Hot Water Tank
Traditional tank-style water heaters are deeply familiar to their installers and repairmen, and they remain in use in part.
Whether powered by natural gas, electricity, propane, or oil, storage water heaters function in pretty much the same way. The unit heats and reheats a volume of water stored within an insulated tank. When a plumbing fixture or water-using appliance calls for it, hot water exits the tank from the top, while cold water enters from the bottom to replenish the tank.
Conventional water heaters operate 24 hours, whether you need hot water or not. When water in the tank cools down below a certain threshold, the appliance reheats the same water, effectively wasting energy in the process. With more insulation and less standby heat loss, tank-style units now waste a lot less energy than before.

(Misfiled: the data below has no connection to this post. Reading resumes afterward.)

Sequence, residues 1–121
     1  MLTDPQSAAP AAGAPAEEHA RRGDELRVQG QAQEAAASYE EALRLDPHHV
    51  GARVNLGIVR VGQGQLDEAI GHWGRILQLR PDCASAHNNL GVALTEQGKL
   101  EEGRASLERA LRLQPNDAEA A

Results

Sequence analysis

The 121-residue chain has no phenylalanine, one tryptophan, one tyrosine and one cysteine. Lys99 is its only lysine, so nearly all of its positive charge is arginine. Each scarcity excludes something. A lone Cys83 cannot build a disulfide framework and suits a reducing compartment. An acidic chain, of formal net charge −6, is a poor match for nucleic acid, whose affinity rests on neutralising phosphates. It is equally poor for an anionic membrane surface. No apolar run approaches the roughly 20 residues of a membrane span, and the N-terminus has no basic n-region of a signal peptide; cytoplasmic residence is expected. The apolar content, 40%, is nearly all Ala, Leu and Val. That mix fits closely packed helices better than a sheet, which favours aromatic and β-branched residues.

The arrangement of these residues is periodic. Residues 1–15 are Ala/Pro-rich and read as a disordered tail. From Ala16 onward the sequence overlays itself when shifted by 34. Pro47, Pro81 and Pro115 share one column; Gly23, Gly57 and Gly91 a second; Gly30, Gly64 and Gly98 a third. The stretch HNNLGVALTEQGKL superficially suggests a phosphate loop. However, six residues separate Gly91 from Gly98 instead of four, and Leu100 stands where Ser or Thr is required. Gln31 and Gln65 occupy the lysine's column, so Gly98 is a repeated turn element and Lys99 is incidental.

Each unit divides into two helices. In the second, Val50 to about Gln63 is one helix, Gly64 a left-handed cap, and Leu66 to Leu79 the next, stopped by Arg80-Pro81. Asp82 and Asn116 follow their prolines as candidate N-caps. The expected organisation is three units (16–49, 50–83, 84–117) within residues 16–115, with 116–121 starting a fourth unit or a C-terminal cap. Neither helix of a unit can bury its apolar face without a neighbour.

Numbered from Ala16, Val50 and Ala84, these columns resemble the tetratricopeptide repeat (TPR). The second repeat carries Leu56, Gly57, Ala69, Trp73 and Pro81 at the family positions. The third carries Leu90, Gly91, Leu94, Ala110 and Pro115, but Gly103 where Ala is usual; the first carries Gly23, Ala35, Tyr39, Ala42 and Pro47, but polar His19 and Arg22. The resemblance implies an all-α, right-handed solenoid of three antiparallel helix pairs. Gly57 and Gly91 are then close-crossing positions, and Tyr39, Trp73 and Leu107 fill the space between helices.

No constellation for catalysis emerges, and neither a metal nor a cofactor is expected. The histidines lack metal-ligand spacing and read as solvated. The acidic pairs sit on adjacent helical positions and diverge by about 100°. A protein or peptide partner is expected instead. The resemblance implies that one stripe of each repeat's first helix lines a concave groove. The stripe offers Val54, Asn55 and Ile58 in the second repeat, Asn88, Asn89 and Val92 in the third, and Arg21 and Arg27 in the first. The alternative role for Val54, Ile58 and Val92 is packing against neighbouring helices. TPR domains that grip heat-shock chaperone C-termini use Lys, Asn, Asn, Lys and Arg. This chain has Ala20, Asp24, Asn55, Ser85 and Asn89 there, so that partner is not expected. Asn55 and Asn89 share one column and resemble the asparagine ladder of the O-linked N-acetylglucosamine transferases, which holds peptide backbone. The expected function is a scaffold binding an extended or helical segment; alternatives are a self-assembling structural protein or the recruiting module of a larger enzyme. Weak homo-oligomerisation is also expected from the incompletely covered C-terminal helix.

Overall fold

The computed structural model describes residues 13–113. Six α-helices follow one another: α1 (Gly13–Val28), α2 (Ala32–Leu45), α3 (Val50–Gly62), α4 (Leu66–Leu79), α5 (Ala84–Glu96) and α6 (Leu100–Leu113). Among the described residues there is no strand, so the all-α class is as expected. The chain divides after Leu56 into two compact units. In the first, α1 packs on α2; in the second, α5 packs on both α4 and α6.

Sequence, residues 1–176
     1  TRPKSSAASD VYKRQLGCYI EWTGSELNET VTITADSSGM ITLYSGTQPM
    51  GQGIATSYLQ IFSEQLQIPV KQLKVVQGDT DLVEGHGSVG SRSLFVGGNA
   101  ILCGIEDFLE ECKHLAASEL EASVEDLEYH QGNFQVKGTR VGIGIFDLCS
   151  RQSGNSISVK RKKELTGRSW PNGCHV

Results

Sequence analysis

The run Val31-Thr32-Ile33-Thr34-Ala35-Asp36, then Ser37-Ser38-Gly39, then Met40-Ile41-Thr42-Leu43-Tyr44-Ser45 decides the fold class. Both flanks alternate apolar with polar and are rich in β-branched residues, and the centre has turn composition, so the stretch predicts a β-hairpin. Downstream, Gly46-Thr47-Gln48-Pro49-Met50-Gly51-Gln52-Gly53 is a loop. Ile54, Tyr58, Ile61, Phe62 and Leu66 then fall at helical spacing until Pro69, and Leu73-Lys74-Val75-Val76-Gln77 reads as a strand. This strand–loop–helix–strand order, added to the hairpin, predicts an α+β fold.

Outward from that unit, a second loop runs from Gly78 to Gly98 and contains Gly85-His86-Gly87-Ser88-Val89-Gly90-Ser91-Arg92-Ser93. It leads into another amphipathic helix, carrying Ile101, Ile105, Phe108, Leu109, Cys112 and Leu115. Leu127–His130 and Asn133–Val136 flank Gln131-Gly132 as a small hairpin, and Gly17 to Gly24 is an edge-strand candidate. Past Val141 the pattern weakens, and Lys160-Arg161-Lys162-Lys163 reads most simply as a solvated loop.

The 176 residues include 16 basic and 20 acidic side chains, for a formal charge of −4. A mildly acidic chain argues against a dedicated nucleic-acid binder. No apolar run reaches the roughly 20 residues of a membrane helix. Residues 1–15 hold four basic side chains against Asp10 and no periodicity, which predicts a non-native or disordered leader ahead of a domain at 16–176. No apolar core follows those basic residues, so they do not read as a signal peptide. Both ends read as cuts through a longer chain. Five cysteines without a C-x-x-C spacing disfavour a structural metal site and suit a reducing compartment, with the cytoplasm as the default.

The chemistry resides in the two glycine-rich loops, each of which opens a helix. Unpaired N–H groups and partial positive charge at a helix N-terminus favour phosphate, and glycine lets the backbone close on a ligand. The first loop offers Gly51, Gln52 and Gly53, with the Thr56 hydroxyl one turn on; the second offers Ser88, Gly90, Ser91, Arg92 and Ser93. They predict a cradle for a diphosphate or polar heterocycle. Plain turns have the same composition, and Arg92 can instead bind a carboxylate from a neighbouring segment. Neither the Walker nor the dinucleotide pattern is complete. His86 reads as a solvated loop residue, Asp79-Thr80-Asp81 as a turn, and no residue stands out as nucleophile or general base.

If you have a gas water heater and you’re replacing it with a gas water heater, you can expect installation to cost about as much as the unit itself around $300 to $500. Switching from one fuel type to another, from electric to gas inevitably adds complexity and cost, but not as much as you might think. Because storage tank water heaters don’t usually require any wiring or piping modifications.
There’s a common complaint against storage units: Because their tanks are limited and their water-heating process isn’t instant, it’s possible to run out of hot water temporarily. If you always running out of hot water, that means you need a bigger unit.